Police union moves to oust councilman
The inflammatory charges, just days before a scheduled protest rally against alleged unfair treatment of minorities by police, may further strain relations between the town's police officers and African-American residents in the South End.
One of the officers who presented the union's complaint against O'Neal Monday evening, Ulysses Munoz, is a member of a new police unit in the South End that was formed with the hope that it would restore residents' confidence in the police.
The union representatives also said O'Neal was involved in a road rage incident on May 1 in which he allegedly intimidated and verbally abused an elderly resident, John Tabak, 84, of Flora Drive. Tabak reported it to police last week.
O'Neal said the new charge is a slanderous fabrication. "They are doing everything in their power to discredit me," he said.
Town Council Chairman James Feehan (R-9) refused to allow any discussion of the matter, referring it to Town Attorney Richard Buturla because of a question over whether the council has the authority to take any action against O'Neal.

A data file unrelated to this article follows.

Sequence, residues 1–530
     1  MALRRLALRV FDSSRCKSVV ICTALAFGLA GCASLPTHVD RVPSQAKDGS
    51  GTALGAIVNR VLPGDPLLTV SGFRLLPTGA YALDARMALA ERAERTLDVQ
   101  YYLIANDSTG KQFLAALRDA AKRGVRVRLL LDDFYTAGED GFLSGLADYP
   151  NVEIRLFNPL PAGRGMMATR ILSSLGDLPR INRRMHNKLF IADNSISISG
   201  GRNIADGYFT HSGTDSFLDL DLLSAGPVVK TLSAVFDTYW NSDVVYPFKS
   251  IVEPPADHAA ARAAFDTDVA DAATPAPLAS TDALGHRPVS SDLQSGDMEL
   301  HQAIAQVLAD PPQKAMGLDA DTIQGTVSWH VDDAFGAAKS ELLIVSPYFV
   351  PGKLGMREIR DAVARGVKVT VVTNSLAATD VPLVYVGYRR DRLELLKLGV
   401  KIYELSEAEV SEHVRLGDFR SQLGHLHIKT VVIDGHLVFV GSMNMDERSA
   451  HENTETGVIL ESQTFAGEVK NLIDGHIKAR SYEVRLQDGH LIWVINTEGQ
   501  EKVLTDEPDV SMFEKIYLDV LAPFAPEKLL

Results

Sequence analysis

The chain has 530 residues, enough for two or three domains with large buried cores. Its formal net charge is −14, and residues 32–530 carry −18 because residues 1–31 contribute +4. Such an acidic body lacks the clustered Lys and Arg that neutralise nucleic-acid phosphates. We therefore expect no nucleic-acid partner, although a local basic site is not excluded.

The police union cited several sections of the Town Charter prohibiting council members from interfering with administrative officials in their official duties, and authorizing the council to remove a member from office for a violation.
However, those sections do not appear in the new charter voters adopted in the 2003 election, which rewrote the sections related to the Town Council to accommodate the powers of the newly created office of mayor.
Feehan also cautioned the other council members not to make any statements on the matter, to avoid the appearance of bias in case the complaint does come before them for a decision.
O'Neal was arrested on charges of interfering with a police officer and breach of peace on March 21 in a tense, racially charged incident at the corner of Woodend Road and Main Street, when he intervened while Police Cpl. David Gugliotti was attempting to arrest a teenage girl. Gugliotti is white, O'Neal and the girl are black.
O'Neal made a citizen complaint against Gugliotti, claiming the officer punched him and the girl and cursed at him. However, a police department internal affairs investigation ruled that conflicting eyewitness accounts of the incident provided insufficient evidence to support O'Neal's complaint.